Asad Umar, the incoming finance minister of Pakistan’s newly-elected government has said that his country would need $12 billion in loans - at the very least - just to keep itself afloat.
The former head of Pakistan's Engro Corporation speaking to Bloomberg in a recent interview said that the loan amount urgently needed is in the range of $10 billion and $12 billion. He went on to say that Pakistan would need something extra from thereon to move away from the edge. "The decision needs to be taken in the next six weeks, the further you go forward the more difficult, the more expensive the options become," he is quoted as saying.
Pakistan’s deteriorating finances with an economy propped up by loans from international lenders, is a key challenge for the prime minister to be – Imran Khan, who is attempting to form a coalition government after winning the most number of seats in last week’s general elections.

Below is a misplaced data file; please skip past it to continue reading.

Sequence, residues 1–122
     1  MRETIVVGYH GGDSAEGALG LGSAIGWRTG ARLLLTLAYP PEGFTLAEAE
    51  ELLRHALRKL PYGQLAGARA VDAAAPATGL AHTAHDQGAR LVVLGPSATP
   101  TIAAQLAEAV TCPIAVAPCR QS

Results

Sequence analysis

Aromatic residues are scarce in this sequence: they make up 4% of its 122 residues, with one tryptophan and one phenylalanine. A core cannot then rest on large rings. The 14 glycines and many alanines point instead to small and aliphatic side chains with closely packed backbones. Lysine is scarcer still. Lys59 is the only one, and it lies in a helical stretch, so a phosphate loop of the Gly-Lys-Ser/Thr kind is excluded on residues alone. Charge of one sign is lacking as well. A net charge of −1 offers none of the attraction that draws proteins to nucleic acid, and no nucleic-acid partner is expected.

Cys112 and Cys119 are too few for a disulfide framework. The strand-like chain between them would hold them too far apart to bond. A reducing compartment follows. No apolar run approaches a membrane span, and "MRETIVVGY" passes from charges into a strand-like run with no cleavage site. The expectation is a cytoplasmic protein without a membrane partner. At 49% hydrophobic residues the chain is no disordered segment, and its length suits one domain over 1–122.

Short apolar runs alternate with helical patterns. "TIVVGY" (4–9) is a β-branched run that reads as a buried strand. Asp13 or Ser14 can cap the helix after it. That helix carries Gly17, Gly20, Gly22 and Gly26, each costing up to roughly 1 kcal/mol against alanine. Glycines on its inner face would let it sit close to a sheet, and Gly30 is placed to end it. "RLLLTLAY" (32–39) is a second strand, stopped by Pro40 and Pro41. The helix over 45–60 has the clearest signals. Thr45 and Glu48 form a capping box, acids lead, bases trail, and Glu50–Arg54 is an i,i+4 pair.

Many investors and analysts see a bailout from China or the IMF as inevitable for Pakistan. Rising imports and volatile oil markets have greatly hurt the country, especially because its exports - mainly textiles - have seen marginal growth.
With the start of the China-Pakistan Economic Corridor (CPEC) in 2013, Chinese loans to Pakistan have increased many folds. Though there is no clear estimation in this regard, however, economists believe that around $19 billion out of total $90 billion foreign debt of Pakistan, is from China. In other words, China has now become the biggest bilateral lender to Pakistan, surpassing Japan.
Umar added that Pakistan could turn to the International Monetary Fund, friendly countries and issue diaspora bonds to bolster the nation’s depleting reserves. The last time the country turned towards IMF was in 2013 when it got a $6.6 billion loan for a crisis of lesser proportions than the one existing now. This time, the U.S. could act as a roadblock as U.S. Secretary of State Mike Pompeo recently released a statement saying his country does not think it is fair that Pakistan wants money from the IMF to pay off debt accumulated through loans with China.
Umar addressed this fact in his interview, stating that 'Pakistan does not have a Chinese debt problem.'